Six Steps = Confidence in Your Compliance Program
We often wonder why so much angst exists about whether a firm has an adequate compliance program. The requirements are relatively straightforward, even if they do require someone to “roll up their sleeves” to get the job done. As with so much in life there is a process and, if followed, the results will satisfy.
Truth be told, the process is not all that difficult. What can be difficult is the people (and we will discuss this at the end.) But first, the process--which is outlined below:
First, understand the business. It is very important to identify what investors, counterparties and service providers will require and expect of the firm and to understand how investment ideas are originated, evaluated and valued. Look for what you are required to do as a business matter and to understand how your firm gets the job done. Also look for situations where the firm may have to satisfy competing interests (these are considered “conflicts,” regardless of how the firm handles them).
Second, prepare a risk assessment. This is the foundation of any compliance program. Identify every legal requirement that applies to the firm--including those arising outside your home country. These include requirements that apply directly (because of where your firm is chartered, seeking investors, or making investments), as well as those that apply to the firm’s funds and other clients. (Ok, this part is not always so simple. But the concept behind it is.)
Third, develop your written plan. Your compliance manual needs to address the key issues identified in the risk assessment as simply as possible. A legal compendium is not useful. Instead, the manual should describe, in business-friendly terms, what each staff person needs to know to do his or her job effectively. Easy-to-understand lines should be drawn, allowing senior management the opportunity to fine-tune any close call before a step triggers regulatory risk.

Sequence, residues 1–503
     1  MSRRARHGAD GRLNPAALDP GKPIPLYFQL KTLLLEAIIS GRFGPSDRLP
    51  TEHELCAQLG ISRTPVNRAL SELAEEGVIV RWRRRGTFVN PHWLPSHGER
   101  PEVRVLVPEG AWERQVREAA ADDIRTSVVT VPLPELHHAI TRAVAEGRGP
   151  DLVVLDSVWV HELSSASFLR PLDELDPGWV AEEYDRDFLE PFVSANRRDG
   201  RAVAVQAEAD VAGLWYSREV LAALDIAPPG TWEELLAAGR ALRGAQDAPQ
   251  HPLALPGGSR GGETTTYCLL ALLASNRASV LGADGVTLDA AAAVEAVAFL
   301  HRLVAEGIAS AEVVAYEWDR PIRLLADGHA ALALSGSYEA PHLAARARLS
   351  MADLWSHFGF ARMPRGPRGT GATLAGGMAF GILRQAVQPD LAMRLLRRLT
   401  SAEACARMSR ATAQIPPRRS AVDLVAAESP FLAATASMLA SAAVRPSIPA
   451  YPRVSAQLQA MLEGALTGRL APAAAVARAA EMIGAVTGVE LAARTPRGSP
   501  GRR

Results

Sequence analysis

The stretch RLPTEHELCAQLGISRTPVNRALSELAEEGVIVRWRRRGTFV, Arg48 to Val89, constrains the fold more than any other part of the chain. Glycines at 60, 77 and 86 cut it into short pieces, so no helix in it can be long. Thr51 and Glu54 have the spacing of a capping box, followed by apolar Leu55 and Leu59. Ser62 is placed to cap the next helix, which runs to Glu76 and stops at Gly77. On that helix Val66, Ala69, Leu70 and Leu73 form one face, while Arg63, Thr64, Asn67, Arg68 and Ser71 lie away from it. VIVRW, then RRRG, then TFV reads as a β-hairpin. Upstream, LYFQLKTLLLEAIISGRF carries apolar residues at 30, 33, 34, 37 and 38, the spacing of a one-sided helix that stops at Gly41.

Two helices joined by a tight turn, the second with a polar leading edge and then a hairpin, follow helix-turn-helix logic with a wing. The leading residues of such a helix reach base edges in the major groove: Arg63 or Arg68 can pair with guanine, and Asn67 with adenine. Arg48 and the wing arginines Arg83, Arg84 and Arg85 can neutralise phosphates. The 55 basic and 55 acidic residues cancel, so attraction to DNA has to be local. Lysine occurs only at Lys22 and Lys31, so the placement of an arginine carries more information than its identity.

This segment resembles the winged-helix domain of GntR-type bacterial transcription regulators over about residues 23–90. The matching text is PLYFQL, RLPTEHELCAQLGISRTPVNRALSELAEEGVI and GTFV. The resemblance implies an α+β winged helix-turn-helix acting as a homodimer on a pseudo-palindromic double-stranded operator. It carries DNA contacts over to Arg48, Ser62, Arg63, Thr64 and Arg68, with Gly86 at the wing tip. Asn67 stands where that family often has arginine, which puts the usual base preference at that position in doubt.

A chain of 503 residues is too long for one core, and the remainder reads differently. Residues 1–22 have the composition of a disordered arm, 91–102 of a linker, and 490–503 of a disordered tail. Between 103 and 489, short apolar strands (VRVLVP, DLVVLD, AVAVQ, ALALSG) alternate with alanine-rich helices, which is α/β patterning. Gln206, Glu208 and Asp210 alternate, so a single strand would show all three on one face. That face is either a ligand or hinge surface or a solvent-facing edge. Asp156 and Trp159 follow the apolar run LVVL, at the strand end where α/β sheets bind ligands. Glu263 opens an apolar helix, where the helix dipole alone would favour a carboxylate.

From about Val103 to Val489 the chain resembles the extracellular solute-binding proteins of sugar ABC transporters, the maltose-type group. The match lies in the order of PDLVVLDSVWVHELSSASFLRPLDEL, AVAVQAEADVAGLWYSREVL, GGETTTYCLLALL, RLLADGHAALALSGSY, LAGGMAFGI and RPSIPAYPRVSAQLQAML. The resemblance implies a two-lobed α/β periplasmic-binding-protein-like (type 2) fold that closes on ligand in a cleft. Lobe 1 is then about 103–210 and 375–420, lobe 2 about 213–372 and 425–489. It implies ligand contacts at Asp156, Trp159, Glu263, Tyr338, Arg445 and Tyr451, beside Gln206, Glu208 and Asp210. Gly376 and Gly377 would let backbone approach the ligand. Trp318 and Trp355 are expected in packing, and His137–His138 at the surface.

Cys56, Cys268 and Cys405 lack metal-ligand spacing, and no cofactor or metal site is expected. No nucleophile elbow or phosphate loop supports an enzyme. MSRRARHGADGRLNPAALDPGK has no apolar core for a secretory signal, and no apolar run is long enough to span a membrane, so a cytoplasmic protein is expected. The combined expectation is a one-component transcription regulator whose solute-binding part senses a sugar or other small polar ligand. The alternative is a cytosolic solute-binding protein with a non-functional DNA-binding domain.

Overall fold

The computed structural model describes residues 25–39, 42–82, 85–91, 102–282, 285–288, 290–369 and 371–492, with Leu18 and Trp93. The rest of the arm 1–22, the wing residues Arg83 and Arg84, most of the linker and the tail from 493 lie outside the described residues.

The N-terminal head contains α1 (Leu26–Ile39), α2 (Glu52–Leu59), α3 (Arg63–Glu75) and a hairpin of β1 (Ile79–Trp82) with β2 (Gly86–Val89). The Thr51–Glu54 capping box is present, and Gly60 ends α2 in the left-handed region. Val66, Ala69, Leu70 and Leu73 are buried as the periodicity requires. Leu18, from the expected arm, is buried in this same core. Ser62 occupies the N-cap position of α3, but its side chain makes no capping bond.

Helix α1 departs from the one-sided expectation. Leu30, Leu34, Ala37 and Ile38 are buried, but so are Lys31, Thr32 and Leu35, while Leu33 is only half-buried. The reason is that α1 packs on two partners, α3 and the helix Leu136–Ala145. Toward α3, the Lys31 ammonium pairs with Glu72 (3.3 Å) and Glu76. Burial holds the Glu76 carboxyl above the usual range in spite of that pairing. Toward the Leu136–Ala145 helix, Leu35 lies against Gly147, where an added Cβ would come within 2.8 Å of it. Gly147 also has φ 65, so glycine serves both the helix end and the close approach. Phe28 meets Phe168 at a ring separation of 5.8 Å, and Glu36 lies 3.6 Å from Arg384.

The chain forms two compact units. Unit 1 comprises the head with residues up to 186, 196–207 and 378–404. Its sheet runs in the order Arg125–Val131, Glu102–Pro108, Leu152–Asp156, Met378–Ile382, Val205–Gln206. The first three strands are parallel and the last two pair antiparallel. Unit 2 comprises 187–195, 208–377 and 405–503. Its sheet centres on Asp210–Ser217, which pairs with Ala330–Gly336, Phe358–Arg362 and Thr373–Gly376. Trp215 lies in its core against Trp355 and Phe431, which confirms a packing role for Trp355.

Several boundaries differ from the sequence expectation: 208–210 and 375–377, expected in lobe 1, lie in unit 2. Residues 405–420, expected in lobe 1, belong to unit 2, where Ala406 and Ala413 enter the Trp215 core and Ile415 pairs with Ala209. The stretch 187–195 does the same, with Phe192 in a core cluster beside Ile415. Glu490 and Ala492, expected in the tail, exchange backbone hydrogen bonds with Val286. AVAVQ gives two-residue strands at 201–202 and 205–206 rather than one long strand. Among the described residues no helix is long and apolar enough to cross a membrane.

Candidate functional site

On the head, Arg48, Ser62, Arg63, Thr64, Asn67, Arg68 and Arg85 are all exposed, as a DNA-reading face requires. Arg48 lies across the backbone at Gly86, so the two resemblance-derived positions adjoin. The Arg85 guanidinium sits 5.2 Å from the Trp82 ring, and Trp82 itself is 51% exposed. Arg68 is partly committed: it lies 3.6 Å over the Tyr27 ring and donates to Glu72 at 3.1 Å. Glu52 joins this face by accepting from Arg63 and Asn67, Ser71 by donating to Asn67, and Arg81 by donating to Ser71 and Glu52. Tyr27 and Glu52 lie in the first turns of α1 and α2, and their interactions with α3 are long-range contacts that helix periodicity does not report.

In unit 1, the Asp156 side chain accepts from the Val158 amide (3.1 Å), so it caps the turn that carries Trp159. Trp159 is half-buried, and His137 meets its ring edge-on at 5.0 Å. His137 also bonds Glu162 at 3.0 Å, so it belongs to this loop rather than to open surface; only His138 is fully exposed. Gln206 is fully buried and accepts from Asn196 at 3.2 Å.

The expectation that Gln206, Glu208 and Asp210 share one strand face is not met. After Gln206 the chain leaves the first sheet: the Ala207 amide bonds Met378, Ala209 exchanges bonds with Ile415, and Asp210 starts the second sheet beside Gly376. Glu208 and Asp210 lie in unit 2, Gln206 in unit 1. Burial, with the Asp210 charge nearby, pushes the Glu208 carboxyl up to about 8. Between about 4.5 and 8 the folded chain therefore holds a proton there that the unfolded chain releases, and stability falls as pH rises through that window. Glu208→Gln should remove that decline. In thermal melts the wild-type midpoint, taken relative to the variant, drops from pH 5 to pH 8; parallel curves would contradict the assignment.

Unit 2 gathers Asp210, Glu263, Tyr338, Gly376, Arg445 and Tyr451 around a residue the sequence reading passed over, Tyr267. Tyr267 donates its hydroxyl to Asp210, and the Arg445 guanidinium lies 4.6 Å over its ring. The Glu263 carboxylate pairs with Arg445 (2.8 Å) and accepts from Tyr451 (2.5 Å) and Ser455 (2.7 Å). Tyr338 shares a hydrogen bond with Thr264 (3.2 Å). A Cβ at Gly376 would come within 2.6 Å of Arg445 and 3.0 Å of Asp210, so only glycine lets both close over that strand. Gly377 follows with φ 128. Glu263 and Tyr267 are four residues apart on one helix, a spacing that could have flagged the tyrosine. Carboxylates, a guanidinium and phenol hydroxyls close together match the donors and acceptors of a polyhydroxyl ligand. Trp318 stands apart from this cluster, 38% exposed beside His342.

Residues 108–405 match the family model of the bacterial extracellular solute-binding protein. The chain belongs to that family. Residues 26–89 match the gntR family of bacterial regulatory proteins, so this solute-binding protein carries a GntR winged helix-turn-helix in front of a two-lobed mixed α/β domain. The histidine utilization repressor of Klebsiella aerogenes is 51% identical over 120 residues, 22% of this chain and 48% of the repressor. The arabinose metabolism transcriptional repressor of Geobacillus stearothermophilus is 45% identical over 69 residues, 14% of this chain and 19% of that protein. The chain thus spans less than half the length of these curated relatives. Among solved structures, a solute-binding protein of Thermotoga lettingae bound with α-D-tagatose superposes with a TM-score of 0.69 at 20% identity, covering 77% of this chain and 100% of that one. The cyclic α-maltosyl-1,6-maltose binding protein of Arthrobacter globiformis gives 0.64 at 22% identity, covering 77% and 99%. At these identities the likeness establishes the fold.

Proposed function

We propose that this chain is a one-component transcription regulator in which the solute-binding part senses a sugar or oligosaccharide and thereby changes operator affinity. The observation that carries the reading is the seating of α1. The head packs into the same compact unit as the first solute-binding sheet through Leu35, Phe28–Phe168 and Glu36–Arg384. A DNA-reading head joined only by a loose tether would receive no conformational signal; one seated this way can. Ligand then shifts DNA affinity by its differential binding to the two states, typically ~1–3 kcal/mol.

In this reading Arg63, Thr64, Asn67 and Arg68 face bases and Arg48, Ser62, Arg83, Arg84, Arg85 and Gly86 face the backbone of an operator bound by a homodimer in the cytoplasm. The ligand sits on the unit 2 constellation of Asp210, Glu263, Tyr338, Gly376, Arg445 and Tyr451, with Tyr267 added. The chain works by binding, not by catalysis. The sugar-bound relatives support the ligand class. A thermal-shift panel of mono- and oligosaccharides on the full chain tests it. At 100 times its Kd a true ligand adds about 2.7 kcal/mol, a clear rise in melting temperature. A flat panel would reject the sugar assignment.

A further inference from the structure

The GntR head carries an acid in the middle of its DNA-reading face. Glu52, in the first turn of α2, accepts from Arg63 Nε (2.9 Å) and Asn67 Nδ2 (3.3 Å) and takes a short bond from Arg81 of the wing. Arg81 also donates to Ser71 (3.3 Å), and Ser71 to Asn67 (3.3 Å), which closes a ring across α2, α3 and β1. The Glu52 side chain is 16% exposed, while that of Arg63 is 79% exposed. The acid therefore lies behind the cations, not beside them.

The fourth step is training. All employees need to be trained on how senior management has decided to handle the business and legal risks the firm faces. Training sessions should also be conducted “as needed” based on changes in laws, regulations, or the firm’s business activities. For advisers operating in jurisdictions, such as the United States, where senior management has a “duty to supervise”, training demonstrates to regulators that the supervision process has been adequately designed.
The fifth step is testing. The goal is to make sure that the policies in place are effective. Provide senior management with periodic results so that they can fulfill any duty to supervise. In the United States, a testing program also protects the firm by satisfying requirements found in the U.S. Federal Sentencing Guidelines and U.S. Attorneys' Manual. These guide how enforcement personnel will view a firm should an issue arise.
The last step: sustainability. Keep the program up-to-date to reflect business and regulatory changes. This step requires an on-going process to monitor for both types of changes and to make sure that new activities and their implications are identified in advance. In short, the compliance program should “live” with the environment in which the firm operates.
The challenge. The above process is not hard to understand, but it can be difficult to accomplish. In most cases, the difficulty stems from the human element. This aspect also needs to be understood to build an effective compliance program.
First, none of the six steps is a one-person job. No one person understands your firm better than your business team and that understanding needs to be communicated to the compliance staff. This takes ongoing and active communication.
Second, no one person understands all the laws that apply to your firm. Compiling them initially and keeping up-to-date requires expertise. RFG is dedicated to helping its clients manage this in an efficient manner.
Third, no compliance program can change human nature; not all people are well-intentioned. The goal of a compliance program is to make it harder for a bad apple to act; to force them to act alone; and to catch a bad apple earlier in the process.